No, Shawn didn’t think he would care to visit. Not now, not ever. The woman unnerved him. The way she talked in that flat-as-a-pancake, gravelly monotone made his skin crawl. Her pretty-ugly face never offered up a shred of emotional warmth or human sympathy. As long as that woman was caretaker of the Pemberton Nature Preserve, he wouldn’t be visiting any time soon.
“I seen you commiserating with Pearl,” Hugh Duffy, the short order chef remarked when Shawn took a break around ten o’clock after the breakfast crowd had petered away. In response to the boy’s blank expression, Hugh added, “The knuckle-dragging Forest Ranger.”
“Where do you know her from?”
“Went to high school together.” Hugh sprinkled a generous dusting of paprika on a pile of home fries simmering on the grille. “Pearl’s father ran off when she was just a kid. Family lived in a ramshackle, sardine can of a house over by the railroad tracks - just her and the old lady. The mother dropped dead a few years back, so now Pearl resides there all by her lonesome.” The cook cracked a couple of eggs onto the grille and reached for a slab of Canadian ham.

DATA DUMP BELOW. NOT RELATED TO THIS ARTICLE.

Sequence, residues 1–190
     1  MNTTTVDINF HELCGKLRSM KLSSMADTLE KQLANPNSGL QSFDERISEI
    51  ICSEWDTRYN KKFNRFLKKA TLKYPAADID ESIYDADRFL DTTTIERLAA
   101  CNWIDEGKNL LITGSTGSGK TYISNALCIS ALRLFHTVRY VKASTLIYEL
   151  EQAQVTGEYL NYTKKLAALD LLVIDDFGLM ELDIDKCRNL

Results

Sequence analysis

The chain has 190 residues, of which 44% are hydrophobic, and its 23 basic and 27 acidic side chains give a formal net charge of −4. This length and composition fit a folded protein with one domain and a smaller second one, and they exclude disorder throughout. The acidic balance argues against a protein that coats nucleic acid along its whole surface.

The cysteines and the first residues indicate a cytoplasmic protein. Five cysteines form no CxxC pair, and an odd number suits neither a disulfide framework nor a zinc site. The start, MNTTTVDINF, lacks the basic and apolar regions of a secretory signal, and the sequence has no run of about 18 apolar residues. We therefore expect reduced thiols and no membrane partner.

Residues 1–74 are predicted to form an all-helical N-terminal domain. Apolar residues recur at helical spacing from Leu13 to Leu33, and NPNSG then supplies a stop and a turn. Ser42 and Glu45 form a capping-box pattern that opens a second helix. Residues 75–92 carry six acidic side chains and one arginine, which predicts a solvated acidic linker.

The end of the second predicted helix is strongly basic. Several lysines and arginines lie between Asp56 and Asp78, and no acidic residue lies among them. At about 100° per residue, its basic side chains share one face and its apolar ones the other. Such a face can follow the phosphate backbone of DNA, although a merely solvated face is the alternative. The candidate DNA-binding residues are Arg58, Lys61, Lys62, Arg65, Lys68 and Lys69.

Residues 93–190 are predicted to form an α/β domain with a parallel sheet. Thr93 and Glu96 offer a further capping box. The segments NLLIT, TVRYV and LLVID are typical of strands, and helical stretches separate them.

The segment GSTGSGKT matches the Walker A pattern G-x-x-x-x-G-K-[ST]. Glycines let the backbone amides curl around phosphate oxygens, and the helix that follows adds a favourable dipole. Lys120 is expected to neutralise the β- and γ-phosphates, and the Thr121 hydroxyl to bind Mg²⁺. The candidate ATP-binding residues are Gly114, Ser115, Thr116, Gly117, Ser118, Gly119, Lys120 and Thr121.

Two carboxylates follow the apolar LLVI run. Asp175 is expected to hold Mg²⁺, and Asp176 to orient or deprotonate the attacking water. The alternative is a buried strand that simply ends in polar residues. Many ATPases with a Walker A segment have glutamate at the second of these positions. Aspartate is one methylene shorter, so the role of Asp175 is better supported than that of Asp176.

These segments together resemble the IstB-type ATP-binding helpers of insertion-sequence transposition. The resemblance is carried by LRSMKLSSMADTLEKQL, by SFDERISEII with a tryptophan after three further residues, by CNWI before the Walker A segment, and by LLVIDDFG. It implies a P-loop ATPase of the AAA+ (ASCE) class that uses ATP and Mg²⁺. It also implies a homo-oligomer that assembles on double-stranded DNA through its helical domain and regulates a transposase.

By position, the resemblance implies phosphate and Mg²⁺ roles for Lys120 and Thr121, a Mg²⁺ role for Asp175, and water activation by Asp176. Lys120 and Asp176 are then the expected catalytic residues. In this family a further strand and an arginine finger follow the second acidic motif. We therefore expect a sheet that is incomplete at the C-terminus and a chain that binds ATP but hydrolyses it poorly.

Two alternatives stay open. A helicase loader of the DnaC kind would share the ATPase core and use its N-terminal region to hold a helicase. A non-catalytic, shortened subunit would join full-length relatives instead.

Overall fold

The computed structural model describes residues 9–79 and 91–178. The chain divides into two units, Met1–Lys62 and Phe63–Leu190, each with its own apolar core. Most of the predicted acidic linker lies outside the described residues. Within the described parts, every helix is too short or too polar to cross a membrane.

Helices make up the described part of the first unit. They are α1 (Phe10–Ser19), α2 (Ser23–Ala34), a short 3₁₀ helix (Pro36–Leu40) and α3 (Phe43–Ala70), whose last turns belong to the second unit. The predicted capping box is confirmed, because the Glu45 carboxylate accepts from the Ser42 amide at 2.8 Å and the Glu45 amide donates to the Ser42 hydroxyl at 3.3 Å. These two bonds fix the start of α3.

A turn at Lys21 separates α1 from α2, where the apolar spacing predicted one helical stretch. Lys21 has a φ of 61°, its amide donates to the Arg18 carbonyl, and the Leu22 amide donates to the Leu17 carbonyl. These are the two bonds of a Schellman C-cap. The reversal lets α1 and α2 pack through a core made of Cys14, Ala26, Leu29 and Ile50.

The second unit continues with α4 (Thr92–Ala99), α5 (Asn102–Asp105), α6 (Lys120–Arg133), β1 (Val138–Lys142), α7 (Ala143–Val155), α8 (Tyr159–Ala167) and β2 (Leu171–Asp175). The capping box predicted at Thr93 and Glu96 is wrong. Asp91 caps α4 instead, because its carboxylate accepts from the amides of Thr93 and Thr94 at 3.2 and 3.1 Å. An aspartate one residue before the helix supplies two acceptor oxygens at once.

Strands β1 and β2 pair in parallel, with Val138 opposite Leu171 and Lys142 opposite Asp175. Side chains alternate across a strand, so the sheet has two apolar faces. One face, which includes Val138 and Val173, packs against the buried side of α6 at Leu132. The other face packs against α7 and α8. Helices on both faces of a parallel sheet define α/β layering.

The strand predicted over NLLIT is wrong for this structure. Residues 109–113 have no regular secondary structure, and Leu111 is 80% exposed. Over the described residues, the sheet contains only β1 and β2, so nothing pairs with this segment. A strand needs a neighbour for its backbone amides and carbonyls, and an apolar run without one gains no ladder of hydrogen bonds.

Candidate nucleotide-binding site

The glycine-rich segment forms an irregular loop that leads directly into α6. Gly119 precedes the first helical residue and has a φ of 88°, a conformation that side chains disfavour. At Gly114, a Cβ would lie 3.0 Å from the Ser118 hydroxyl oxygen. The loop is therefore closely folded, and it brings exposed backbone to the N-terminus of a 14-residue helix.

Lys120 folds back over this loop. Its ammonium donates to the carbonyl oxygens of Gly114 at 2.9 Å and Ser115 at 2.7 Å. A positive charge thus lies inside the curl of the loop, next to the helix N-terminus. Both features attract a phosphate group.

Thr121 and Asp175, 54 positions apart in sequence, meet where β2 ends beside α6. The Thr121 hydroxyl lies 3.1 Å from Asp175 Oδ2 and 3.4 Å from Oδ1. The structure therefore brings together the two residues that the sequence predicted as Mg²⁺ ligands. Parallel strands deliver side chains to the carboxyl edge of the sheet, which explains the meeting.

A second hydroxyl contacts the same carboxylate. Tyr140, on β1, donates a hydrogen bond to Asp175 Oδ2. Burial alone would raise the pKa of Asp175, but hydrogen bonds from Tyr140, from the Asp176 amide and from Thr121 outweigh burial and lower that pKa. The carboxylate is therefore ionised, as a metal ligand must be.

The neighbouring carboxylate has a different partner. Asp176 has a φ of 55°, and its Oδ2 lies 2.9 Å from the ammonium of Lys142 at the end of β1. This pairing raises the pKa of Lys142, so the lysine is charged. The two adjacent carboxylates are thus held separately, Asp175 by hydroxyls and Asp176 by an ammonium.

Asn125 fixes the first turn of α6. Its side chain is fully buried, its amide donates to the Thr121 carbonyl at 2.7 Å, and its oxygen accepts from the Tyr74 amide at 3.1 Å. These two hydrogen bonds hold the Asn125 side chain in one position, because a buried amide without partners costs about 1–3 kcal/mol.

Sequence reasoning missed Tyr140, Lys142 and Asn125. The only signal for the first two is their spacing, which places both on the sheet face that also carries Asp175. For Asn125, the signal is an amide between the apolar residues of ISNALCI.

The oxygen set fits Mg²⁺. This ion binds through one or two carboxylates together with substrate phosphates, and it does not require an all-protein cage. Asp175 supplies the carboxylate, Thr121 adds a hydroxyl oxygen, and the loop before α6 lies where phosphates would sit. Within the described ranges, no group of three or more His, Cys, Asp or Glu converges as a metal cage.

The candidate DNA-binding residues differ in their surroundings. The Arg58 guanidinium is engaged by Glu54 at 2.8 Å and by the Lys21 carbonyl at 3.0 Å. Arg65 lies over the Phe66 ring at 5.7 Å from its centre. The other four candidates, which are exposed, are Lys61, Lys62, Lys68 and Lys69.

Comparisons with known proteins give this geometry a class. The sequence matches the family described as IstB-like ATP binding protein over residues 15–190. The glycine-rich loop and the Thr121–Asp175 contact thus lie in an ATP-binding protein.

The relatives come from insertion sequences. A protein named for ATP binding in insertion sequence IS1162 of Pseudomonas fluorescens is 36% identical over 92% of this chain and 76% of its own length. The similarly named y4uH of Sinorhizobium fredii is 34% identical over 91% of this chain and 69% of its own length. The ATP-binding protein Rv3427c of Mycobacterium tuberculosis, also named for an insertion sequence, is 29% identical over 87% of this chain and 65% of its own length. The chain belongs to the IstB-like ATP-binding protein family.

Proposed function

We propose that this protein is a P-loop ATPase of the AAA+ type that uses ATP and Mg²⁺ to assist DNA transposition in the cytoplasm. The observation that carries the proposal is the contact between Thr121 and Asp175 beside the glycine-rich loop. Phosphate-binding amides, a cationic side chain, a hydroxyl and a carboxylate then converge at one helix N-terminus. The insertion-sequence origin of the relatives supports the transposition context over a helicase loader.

“What was she like in high school?” Shawn asked.
“Same as now ... kept to herself. Didn’t hardly talk to no one, which was no great loss.” He chuckled evilly. “I don’t think the girl ever owned a bar of soap. Her junior year, as I remember, they sent her home one day, cause she smelled like a sanitation truck in late August.”
“Trudy can’t stand her.”
Hugh flipped the eggs and checked the ham which was browning nicely. “Don’t know nothing about that,” he returned, “but I do know the woman’s got a wicked, homicidal temper.” He shifted the eggs to a plate and spread a generous dollop of butter on two slices of cinnamon raisin toast. Stacking the toast together, he cut at a diagonal. “You’ll want to steer clear of that wild woman,” the cook cautioned. “Nothing good can come of it.”
“Thanks,” Shawn mumbled weakly and went back to his position at the counter.
Before his shift ended, Shawn stopped by the kitchen. “What’s Pearl’s last name?”
Hugh looked up from the hot surface. “Singleton. Pearl Singleton.”
“Did she have a boy friend in high school?”
The cook rolled his eyes and made a dramatic flourish with the chrome spatula. “Couple guys asked her out, but she wouldn’t have anything to do with the opposite sex. Probably a lesbian, judging by the woman’s edgy disposition around guys.”